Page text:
Modern is a little easier, because I think it's actually a pretty meaningless term and any specific definition does not matter. Whatever the working definition, it means the same thing for C++ as it does for Java or Golang or whatever. Written out this observation is obvious on its face, and I'm unsure if my personal connotation was completely made up or I learned it from somewhere. Either way it was not based in facts, and either way I held it for over a decade.
Defining what makes a language "hard" is inherently, well, hard. Most definitions are partially or wholly subjective. While that's an interesting topic as well, in this context I am specifically attempting to keep my definition as objective as I can.
In C++, you have everything you need at your disposal to very precisely and explicitly define what you need to have the computer do at a highly granular level. It's also almost comically easy when learning C++ to write almost what you mean but not quite, not spot the difference, and get unexpected results that can sometimes differ significantly from what you thought you were getting. Debuggers can help you explore what you wrote, but not what you meant to write - you still need to understand a lot of implicit machinery to sleuth out how you got what you did. This happens to me more often as a beginner in C++ than it has learning anything else to date.
The remedy for this as far as I can tell is knowledge - the root of the problem is usually something I had either not been taught yet, forgotten about, or not spotted, but the tooling had allowed. Of course, this process is part of learning any new language. In C++, though, the frequency of the problem, the complexity of the issues encountered at an early stage, the subtlety of their syntactic manifestations, the background knowledge required to understand these issues and their solutions, and the lack of or misleading guidance from the tooling all help raise the threshold for a productive output vs troubleshooting/debugging ratio.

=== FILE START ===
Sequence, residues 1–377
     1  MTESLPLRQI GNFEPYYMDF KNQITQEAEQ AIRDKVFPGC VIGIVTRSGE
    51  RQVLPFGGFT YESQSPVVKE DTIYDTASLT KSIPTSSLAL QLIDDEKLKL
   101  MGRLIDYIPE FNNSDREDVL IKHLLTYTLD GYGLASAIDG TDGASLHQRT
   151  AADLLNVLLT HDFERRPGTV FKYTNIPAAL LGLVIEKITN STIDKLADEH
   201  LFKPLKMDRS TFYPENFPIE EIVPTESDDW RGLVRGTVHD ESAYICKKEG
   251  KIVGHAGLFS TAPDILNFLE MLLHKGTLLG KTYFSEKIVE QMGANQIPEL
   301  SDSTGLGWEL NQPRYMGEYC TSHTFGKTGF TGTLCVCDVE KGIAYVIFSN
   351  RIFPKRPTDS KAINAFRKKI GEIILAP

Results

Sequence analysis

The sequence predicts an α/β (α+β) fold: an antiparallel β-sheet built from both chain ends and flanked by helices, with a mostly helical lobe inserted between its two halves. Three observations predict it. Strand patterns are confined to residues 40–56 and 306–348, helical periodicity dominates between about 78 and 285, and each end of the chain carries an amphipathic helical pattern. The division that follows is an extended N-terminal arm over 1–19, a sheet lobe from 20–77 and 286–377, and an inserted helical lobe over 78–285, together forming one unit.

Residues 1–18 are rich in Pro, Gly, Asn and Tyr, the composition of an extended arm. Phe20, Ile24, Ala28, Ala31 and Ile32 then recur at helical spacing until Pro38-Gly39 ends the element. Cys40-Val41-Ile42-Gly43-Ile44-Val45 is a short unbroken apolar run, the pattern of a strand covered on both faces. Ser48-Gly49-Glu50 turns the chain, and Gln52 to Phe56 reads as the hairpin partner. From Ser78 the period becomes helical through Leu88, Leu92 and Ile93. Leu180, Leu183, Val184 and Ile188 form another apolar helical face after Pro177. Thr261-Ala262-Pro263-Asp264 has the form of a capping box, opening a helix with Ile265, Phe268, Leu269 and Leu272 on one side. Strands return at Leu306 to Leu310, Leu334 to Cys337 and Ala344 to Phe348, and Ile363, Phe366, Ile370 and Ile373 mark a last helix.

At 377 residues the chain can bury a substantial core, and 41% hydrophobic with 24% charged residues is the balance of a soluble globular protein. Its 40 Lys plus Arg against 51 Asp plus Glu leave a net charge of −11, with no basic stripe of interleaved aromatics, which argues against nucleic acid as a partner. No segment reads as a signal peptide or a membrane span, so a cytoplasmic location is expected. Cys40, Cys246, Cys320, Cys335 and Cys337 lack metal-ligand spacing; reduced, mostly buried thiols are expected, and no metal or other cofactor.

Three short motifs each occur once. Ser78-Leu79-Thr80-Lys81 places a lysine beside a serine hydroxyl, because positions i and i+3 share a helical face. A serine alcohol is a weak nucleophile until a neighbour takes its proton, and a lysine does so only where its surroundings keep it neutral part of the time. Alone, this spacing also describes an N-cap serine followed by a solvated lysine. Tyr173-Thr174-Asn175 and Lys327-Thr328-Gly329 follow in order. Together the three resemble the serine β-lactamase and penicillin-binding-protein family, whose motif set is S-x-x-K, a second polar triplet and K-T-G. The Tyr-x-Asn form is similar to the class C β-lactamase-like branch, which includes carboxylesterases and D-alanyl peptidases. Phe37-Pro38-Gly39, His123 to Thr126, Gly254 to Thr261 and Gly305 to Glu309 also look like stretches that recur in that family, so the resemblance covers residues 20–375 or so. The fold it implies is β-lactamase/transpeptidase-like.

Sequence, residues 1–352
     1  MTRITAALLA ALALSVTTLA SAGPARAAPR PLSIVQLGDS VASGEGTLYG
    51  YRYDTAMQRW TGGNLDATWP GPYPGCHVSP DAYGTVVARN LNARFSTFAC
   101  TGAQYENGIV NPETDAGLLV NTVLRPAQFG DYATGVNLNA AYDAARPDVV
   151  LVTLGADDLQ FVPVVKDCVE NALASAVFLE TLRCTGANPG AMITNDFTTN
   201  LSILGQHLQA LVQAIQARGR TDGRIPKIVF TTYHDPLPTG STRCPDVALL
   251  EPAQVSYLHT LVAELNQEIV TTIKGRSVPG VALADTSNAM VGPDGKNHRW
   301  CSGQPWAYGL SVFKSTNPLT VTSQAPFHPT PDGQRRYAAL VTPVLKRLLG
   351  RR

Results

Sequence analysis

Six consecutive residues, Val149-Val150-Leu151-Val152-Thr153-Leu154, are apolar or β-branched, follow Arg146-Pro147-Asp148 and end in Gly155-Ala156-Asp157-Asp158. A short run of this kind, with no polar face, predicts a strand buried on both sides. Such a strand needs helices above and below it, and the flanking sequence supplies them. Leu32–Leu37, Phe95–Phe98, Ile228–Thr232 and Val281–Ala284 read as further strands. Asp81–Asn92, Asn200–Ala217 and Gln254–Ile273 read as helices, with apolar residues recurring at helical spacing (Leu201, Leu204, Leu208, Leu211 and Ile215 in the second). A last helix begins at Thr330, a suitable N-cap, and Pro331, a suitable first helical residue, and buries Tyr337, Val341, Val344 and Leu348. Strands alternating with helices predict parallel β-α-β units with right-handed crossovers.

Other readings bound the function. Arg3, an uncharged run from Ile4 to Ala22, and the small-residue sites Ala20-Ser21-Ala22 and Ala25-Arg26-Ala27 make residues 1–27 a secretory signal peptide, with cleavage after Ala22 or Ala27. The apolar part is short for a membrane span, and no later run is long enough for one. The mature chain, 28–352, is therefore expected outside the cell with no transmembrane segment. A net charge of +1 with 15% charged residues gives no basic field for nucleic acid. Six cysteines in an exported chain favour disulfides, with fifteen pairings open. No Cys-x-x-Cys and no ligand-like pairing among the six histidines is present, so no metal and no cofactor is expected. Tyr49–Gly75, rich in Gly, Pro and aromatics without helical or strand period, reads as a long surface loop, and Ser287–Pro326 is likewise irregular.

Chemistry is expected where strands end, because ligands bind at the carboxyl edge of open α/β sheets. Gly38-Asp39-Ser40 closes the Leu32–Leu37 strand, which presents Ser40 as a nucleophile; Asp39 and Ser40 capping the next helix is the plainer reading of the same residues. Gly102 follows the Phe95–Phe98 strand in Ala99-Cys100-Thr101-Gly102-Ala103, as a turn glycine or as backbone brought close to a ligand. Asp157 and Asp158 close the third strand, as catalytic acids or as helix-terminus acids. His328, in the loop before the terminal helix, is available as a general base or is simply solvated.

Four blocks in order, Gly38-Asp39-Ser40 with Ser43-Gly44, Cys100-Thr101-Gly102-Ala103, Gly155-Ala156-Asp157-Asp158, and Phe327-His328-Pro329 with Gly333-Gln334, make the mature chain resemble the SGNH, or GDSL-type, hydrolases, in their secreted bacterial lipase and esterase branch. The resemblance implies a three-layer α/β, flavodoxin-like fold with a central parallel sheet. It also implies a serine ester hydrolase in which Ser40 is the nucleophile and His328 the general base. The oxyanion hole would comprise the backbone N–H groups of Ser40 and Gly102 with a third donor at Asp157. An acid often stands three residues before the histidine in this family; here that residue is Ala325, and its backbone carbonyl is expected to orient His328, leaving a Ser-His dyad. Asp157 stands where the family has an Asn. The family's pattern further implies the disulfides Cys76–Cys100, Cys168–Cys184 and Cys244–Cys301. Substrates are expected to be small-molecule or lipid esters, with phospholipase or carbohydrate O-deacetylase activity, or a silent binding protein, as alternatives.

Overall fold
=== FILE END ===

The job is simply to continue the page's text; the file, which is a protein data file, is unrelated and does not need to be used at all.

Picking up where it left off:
Put another way, at some point you have gained sufficient knowledge to use the language to complete work and create value in a timely fashion, that also won't ultimately lose value by messing up all over the place and needing to be fixed or replaced. Gaining that knowledge is a pretty individual process, but it's generally proportional to work put in. If that threshold for language A is higher than for language B and takes most devs more energy to achieve, I'm calling language A harder. Strictly by that definition C++ is the hardest thing I've personally come across.
My perception is that even if you become an expert in C++ it still objectively has a relatively high amount of language-level friction ("hardness"), but it feels built from parts that themselves individually excel. You need a high level of understanding of what all the various parts are and what they do in order to use this language effectively and safely, but becoming an expert in any language requires that. C++ starts hitting you in the face with it much faster, but also gives you all these different, powerful ways to keep yourself safe and sane while writing the code you need.
This wealth of features to learn exists for a reason, and it's hard to imagine a problem for which C++ is completely unsuited. C++ has been the first tool I've learned that actually feels like it imposes around the same amount of friction regardless of the paradigm you choose to approach a solution. You're driving a manual no matter what, so just say what you need. It's my "desert-island" pick - if somehow for the rest of my life I only ever can use one programming language for every new task, at least from what I've learned C++ is a no-brainer.
Today I'm specifically exploring functionally-flavored C++, but there is a zoo of other interesting programming paradigms out there. My gut feeling is that C++ could be a viable, if not always optimal, choice for exploring almost any of them. I would be curious to hear your experiences or why that is or isn't actually the case, or if you have a specific counterexample. Tried logic programming in C++? How'd that go?